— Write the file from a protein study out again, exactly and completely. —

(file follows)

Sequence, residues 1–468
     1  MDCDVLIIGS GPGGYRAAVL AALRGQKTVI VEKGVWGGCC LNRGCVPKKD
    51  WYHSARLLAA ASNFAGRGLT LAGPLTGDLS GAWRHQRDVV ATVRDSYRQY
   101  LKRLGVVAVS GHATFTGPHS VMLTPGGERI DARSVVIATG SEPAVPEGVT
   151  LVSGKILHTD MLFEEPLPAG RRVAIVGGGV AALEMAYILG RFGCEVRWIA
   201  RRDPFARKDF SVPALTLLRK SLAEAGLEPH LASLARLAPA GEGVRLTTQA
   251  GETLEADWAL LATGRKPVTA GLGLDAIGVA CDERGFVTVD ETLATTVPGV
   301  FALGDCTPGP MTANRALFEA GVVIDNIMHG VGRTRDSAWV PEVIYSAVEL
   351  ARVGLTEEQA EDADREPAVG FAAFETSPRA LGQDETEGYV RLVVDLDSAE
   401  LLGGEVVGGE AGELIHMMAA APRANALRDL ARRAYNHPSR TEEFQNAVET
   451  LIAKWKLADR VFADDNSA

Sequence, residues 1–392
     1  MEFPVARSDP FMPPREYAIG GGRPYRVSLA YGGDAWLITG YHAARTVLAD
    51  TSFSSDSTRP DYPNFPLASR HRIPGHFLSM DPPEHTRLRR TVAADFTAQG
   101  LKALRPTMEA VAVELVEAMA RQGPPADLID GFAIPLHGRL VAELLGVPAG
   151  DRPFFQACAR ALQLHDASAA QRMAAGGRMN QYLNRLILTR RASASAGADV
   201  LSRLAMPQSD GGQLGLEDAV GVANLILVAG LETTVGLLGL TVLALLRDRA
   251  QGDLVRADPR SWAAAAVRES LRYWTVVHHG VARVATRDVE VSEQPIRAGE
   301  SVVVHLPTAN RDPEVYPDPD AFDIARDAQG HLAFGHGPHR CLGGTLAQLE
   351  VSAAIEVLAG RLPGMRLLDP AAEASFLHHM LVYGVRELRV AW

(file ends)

Sequence, residues 1–468
     1  MDCDVLIIGS GPGGYRAAVL AALRGQKTVI VEKGVWGGCC LNRGCVPKKD
    51  WYHSARLLAA ASNFAGRGLT LAGPLTGDLS GAWRHQRDVV ATVRDSYRQY
   101  LKRLGVVAVS GHATFTGPHS VMLTPGGERI DARSVVIATG SEPAVPEGVT
   151  LVSGKILHTD MLFEEPLPAG RRVAIVGGGV AALEMAYILG RFGCEVRWIA
   201  RRDPFARKDF SVPALTLLRK SLAEAGLEPH LASLARLAPA GEGVRLTTQA
   251  GETLEADWAL LATGRKPVTA GLGLDAIGVA CDERGFVTVD ETLATTVPGV
   301  FALGDCTPGP MTANRALFEA GVVIDNIMHG VGRTRDSAWV PEVIYSAVEL
   351  ARVGLTEEQA EDADREPAVG FAAFETSPRA LGQDETEGYV RLVVDLDSAE
   401  LLGGEVVGGE AGELIHMMAA APRANALRDL ARRAYNHPSR TEEFQNAVET
   451  LIAKWKLADR VFADDNSA

Sequence, residues 1–392
     1  MEFPVARSDP FMPPREYAIG GGRPYRVSLA YGGDAWLITG YHAARTVLAD
    51  TSFSSDSTRP DYPNFPLASR HRIPGHFLSM DPPEHTRLRR TVAADFTAQG
   101  LKALRPTMEA VAVELVEAMA RQGPPADLID GFAIPLHGRL VAELLGVPAG
   151  DRPFFQACAR ALQLHDASAA QRMAAGGRMN QYLNRLILTR RASASAGADV
   201  LSRLAMPQSD GGQLGLEDAV GVANLILVAG LETTVGLLGL TVLALLRDRA
   251  QGDLVRADPR SWAAAAVRES LRYWTVVHHG VARVATRDVE VSEQPIRAGE
   301  SVVVHLPTAN RDPEVYPDPD AFDIARDAQG HLAFGHGPHR CLGGTLAQLE
   351  VSAAIEVLAG RLPGMRLLDP AAEASFLHHM LVYGVRELRV AW